The effects of tax and regulation on the buy-to-let market, three years on

Last week at our annual Buy-to-Let Conference, I discussed the effects that the tax and regulatory changes in the last three years has had on the buy-to-let sector, and the direction that the market has been heading in the last 18 months.

Market overview

The most pronounced effect that these changes have had on the market is a significant reduction in new home purchases. As landlords? profitability continues to tighten and it gets more difficult to enter the market, fewer small-scale or prospective landlords are purchasing residential properties, whilst large-scale landlords increase in prominence.

This waning demand in house purchase has meant that landlords, overall, are now buying residential properties at a similar rate to selling them, meaning the stock of outstanding mortgages is no longer growing at the rate we?ve previously seen.

Remortgaging is now driving gross lending in the buy-to-let space, as two- and three-year fixed rate deals written in 2016 come to an end.


Limited company lending

Focusing on the change to tax relief (where landlords who had purchased as individuals are not able to claim mortgage interest as a deductible), we?ve seen a recent increase in the proportion of landlords who are purchasing through a limited company structure.

Interestingly, this increase in proportion is not due to an increase in activity but is due to a decrease in activity from unincorporated landlords. These individual landlords generally have smaller portfolios than those who purchase within a limited structure - it is a less compelling economic decision to transfer to limited company status if you only have two or three properties.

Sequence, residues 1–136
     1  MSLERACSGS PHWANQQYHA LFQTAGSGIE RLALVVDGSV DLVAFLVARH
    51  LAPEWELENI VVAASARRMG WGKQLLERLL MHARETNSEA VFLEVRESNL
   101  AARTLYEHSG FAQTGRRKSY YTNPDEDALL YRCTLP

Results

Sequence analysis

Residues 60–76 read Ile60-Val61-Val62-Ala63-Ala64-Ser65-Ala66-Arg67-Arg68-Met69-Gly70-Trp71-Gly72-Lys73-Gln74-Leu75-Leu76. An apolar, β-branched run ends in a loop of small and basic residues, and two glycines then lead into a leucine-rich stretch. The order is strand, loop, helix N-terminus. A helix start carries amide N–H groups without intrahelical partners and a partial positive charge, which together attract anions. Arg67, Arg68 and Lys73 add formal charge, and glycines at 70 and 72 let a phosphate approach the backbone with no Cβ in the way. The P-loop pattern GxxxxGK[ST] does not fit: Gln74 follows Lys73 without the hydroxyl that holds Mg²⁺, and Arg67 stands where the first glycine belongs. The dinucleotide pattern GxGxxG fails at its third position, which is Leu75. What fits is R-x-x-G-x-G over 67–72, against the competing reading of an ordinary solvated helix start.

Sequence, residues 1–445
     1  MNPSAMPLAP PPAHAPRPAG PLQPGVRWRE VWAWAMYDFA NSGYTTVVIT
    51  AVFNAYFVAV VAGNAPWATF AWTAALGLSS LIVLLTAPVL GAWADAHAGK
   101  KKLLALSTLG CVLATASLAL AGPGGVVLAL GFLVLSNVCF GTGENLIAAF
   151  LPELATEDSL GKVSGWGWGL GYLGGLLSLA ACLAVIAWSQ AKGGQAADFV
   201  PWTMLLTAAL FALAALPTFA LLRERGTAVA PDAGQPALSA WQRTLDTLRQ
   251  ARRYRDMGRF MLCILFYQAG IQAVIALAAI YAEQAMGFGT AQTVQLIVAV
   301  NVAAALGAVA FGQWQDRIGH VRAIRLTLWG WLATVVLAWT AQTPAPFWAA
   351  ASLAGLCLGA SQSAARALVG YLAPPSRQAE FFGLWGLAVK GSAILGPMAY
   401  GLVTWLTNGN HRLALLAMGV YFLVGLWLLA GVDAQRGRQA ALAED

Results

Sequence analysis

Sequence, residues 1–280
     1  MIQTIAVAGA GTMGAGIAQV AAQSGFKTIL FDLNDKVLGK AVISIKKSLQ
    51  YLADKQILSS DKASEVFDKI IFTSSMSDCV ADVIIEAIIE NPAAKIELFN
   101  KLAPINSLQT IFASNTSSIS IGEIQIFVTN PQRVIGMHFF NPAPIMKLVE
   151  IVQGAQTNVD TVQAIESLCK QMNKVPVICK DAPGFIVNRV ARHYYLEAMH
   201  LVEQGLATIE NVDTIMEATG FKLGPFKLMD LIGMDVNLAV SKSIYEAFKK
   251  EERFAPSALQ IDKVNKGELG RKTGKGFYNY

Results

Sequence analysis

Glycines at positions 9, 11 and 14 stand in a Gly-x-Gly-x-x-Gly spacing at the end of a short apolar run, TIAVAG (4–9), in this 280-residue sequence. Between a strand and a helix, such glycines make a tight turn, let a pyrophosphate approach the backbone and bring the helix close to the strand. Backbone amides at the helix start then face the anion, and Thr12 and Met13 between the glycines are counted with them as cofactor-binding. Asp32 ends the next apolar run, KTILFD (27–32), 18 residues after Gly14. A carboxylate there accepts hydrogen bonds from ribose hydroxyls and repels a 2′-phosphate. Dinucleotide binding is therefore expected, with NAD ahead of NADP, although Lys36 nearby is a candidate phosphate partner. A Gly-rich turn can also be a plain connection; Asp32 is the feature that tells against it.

And when we look at new mortgages to portfolio landlords (those with four or more properties), we can see a similar story: they are borrowing at broadly the same rate as they were 18 months ago, but the proportion of mortgages taken out has increased fairly sharply.


What's next?

Over the last few years, the result of the tax and regulatory changes has been a reduction in demand which has led to large-scale landlords now moving to the fore of the market.

It appears that home purchases have broadly stabilised, but the final tax relief cut in April 2020 is something to keep an eye on as this could have a further effect on transactions.

The Buy-to-Let Conference was a great day where we heard perspectives from across the market, including those of intermediaries, government and landlords. We look forward to seeing you at our Annual Mortgage Conference on 6 November.

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